If the movie has a place where it obviously fails for a modern audience, it’s the flight sequences. They simply do not have any sort of realistic impact. They look, frankly, fake. It’s not always easy to overlook the obvious “studio-ness” of old special effects, and they’re pretty egregiously poor here. Fine for 1939, perhaps, but not so much in this day and age.
Fortunately, the film doesn’t really focus on the flight, but instead on the relationships between the characters. There is a sort of “boy’s-own” adventure quality to the proceedings that feels very typical of this style of film and films from Howard Hawks of this era in general. These are manly men doing a dangerous and manly job; they face death on a regular basis and live wildly on the ground because of it. Death is treated not as a tragedy, but a matter of course—Joe’s demise is certainly regretted, but treated as an inevitability. Geoff and everyone else knew he’d crash some day, but Geoff let him fly anyway, because he knew Joe would rather die than be grounded. This comes into clearer focus when Geoff is forced to ground Kid because of Kid’s rapidly deteriorating eyesight. It’s a touching scene, one that dips into the ideas of aging and male bonding without losing a forced (and effective) light tone and an essential masculinity.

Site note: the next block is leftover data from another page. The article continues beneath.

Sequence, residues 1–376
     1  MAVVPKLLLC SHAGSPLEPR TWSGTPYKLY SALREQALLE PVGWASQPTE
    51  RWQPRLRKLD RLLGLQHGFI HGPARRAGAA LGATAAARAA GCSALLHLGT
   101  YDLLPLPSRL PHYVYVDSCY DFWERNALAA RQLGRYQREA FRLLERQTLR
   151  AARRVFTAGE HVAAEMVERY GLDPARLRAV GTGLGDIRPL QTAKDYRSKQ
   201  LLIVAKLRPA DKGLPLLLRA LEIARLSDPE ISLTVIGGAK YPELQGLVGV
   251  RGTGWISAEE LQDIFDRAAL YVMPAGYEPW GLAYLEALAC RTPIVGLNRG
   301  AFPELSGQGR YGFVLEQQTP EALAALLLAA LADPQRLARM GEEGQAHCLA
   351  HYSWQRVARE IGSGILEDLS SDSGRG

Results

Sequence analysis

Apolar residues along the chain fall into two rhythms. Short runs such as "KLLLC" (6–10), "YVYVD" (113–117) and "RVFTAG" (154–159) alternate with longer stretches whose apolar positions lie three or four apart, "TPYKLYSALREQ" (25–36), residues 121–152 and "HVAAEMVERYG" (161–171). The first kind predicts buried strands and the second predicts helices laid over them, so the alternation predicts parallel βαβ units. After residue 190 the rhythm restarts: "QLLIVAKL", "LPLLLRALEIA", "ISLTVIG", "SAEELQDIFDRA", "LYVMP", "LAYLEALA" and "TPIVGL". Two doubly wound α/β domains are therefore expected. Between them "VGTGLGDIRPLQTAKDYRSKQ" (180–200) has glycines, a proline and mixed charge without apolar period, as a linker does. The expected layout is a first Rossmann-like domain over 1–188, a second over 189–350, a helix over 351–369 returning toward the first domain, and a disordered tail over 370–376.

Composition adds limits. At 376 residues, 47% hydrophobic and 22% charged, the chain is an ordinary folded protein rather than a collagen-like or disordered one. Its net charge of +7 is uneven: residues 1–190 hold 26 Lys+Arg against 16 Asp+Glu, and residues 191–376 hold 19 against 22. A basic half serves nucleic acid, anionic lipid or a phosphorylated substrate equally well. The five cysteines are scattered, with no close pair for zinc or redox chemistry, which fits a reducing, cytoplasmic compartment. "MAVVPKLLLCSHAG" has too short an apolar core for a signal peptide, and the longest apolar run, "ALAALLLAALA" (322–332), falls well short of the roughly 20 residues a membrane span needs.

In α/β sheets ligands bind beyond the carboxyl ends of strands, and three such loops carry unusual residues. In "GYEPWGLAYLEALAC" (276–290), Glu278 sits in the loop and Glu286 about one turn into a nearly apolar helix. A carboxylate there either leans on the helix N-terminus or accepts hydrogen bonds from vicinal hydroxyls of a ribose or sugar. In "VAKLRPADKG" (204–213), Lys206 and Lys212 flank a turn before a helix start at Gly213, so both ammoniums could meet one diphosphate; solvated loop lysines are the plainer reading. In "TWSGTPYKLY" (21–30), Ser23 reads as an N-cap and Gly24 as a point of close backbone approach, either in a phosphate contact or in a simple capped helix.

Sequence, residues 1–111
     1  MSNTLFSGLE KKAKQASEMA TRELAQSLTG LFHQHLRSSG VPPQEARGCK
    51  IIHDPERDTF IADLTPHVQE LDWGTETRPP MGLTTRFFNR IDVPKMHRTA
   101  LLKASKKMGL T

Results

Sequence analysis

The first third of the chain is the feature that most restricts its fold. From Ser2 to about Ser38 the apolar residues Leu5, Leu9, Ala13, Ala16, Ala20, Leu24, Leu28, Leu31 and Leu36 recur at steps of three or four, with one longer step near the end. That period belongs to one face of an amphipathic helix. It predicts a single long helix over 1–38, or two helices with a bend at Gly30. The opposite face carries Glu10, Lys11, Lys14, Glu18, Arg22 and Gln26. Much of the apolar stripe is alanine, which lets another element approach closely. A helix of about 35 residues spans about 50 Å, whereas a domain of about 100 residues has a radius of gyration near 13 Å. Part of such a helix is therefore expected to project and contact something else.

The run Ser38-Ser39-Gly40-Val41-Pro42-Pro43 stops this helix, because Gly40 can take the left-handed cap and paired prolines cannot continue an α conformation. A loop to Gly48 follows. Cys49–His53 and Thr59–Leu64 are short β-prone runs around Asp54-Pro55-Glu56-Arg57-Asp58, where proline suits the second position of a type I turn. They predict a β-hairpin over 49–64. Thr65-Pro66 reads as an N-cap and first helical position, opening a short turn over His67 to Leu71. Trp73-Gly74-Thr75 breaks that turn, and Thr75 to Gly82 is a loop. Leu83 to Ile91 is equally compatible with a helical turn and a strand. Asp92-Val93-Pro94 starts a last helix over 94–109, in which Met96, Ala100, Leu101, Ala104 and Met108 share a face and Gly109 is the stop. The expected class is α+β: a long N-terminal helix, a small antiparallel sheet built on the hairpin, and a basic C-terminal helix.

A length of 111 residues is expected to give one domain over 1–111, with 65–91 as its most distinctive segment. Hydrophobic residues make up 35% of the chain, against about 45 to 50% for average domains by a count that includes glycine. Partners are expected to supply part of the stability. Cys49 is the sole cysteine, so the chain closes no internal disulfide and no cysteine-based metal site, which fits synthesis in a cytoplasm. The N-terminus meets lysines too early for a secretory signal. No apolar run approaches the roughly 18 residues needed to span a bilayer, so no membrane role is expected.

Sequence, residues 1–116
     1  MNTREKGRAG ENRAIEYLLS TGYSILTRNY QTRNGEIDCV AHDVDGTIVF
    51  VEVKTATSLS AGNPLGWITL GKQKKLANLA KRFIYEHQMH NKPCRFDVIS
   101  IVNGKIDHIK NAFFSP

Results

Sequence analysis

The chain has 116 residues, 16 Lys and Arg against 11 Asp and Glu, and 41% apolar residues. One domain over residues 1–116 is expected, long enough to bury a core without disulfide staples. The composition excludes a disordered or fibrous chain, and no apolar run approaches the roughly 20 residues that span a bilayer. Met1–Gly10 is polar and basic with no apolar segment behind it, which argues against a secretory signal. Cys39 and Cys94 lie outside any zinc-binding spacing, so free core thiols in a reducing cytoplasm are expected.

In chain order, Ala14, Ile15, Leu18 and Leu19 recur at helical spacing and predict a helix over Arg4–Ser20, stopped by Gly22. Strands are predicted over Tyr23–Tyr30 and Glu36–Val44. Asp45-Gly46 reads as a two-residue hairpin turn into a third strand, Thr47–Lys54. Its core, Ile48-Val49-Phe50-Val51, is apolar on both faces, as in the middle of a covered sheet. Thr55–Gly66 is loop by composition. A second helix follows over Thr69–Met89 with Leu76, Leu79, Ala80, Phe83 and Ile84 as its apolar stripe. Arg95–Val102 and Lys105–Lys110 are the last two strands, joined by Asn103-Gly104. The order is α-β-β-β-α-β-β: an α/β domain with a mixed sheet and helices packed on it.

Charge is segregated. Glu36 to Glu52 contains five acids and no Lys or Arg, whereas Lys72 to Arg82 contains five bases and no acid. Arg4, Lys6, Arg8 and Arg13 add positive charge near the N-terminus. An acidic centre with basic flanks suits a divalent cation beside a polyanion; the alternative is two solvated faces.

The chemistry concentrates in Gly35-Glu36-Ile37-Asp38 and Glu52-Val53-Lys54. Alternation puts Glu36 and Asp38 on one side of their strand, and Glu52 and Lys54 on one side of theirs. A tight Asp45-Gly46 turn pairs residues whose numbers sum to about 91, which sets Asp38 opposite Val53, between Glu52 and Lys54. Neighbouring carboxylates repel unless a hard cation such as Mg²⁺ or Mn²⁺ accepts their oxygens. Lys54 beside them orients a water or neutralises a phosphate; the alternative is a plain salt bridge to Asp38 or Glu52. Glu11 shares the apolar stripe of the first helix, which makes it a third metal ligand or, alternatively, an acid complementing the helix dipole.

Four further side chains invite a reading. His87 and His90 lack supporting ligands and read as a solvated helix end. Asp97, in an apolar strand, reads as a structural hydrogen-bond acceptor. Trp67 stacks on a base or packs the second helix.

Jean Arthur is a wonder in this film, adapting as quickly as possible to the devil-may-care attitude of Geoff and the men, but revealing frequently that this is merely on the surface. She’s a character of surprising depth for a female lead in 1939, even more surprising because of how she is treated and talked about by the male cast.